I gave the routine warning knock while opening the door to my grandmother’s home. Just as I expected, she was sitting in her small green naugahyde chair, facing her television. Her reading materials, books and magazines, were next to her on a side table. A bag of yarn and unfinished crochet projects were near her feet. At first, everything appeared to be usual until I realized my grandmother was quiet. She hadn’t greeted me. She was wiping her eyes. She was crying.
I think I froze, standing in the middle of the room, until my grandmother (Olwyn Hawbecker), invited me to sit. She then composed herself and explained how she had been reading her own grandmother’s journal. She motioned to the side table where I noticed an old paper-bound rectangular booklet. She turned to a specific page and read:
I can’t tell anyone how lonely I was coming home from California all by myself and Olwyn not with me. I do miss her so much in every way. Wherever I did look I could see something of hers. It sure was a sad homecoming for me. If she would have died I couldn’t have missed her any more. This I have written just as I felt when I came home and will never forget as long as I live. This I wrote when I got home. It is my little diary so you can see when I am gone, Olwyn.
My grandmother then explained how her own mother, Elizabeth (Lizzie) Lutz Hawbecker Swartz, had left Pennsylvania for California while Olwyn was very young. Olwyn was raised, for the most part, by her grandmother, Alice Pohe Lutz. When Olwyn was around twelve years old, Alice decided to take the train to California to visit Lizzie. Olwyn remembers her first experience of having a cold glass of milk while she was traveling on the train. She thought it was a real treat! I’m sure she had other adventures while on the train, but for some reason, the cold milk was the one memory that stood out.
After visiting for a time, Alice and Olwyn were to travel back to Pennsylvania. Much to the heartache of Alice, however, Olwyn decided she wanted to stay in California. In retrospect, Olwyn wondered if she made the right decision. Her grandmother was good to her. She was well-respected in her community. And she and her husband, Samuel, ran a successful dry-goods business. Olwyn could only reason that as a young girl, she simply wanted to be with her mother.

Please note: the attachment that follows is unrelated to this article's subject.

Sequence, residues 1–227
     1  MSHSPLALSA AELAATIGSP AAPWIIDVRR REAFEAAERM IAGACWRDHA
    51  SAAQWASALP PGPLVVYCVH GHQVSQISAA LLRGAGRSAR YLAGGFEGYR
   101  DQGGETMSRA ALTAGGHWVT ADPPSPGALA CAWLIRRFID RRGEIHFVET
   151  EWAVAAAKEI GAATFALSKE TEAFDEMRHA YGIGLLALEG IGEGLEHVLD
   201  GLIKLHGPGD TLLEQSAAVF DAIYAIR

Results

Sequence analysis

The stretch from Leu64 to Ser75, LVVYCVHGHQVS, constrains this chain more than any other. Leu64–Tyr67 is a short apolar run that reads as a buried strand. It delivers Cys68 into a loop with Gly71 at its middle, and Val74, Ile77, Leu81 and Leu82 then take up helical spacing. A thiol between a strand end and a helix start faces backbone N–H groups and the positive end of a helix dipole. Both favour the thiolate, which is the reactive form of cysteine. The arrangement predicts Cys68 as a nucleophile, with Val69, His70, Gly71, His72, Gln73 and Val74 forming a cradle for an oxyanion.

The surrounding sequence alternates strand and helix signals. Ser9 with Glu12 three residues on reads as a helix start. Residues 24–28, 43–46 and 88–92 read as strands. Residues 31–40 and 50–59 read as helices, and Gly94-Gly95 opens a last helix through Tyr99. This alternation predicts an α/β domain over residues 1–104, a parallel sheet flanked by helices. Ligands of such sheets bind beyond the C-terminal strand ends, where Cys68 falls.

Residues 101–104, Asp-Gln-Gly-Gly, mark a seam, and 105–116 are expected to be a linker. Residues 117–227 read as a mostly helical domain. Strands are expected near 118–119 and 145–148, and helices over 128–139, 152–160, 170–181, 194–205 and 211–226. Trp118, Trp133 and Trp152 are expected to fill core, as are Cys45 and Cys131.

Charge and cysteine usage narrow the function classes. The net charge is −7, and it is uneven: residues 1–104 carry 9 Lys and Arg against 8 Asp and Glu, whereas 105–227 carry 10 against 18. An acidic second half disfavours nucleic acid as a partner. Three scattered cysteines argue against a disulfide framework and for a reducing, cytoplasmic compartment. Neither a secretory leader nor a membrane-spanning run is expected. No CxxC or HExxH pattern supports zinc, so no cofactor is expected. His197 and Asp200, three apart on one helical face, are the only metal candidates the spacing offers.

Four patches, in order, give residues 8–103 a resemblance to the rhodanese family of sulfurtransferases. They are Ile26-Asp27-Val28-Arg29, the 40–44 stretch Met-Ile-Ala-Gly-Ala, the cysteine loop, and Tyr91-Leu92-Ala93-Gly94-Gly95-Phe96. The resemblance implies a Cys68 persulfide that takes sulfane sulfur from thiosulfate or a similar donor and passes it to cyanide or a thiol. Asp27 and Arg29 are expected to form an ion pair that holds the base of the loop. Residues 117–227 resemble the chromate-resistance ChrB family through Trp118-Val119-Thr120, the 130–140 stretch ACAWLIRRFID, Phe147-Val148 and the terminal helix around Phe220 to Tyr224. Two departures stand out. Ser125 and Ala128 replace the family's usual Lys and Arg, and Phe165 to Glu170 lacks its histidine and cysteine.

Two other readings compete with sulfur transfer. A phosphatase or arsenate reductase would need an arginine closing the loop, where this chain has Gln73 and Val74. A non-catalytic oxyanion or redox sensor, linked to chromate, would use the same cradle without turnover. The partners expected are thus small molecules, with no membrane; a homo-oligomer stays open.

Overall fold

“I always keep this next me,” Olwyn explained as she softly rubbed her hand over the journal. I remember thinking how odd it was that I had never noticed it. In subsequent visits, I made an effort to see the journal and sure enough, it was always there on her side table. Sometimes other magazines or books were on top of it, but the journal was always there, within reach of my grandmother.
Alice Pohe Lutz’s journal from the year 1922 records some of her travels on the Overland Route, a railroad route that ran between San Francisco, California and Chicago, Illinois. There are a few references in the handwritten journal notes to “George” in Chicago. My grandmother told me that Alice had a brother named George. He supposedly changed his name from Pohe to McLellan so he could get on the Chicago Police force. It was thought that someone with an Irish or Scott background had a better chance to get on the force than someone with German ancestry. The irony is that the Pohe ancestry can be traced to Ireland! Perhaps George knew his aunts and uncles in Pennsylvania often spoke German and simply assumed his surname was also German. I can only assume that the George in Alice’s journal is her brother.
I feel like I know Alice better as I read through her journal. It’s a small glimpse into her long life but it reveals much. For example, she appreciated the beauty of nature and describes her awe in almost every new scene she encountered. She must have loved Olwyn deeply. It is the only way to explain the pain she describes upon having to part from her only granddaughter. She was loved by others as evidenced in the hospitality shown her in Chicago by her brother and niece. She was educated and could express herself in writing. She was courageous enough to venture across the states alone.
In an effort to know Alice better, I have given my best attempt to save the original spelling, grammar, and punctuation in my transcriptions of her journal in the PDF below. I apologize for the quality of the photos. Again, I did my best with the tools I had at the time. I hope the PDF quality is well enough to share with others. I think she would like her descendants to know her. More importantly, I think she would like her descendants to know of her love for little Olwyn.
Please be patient. This is a large file and may take a few minutes to download. Click here for: Allie Pohe Travel Journal
Please note: I aim for accuracy, but my memories may not always match with historical facts. Please contact me with corrections, as needed.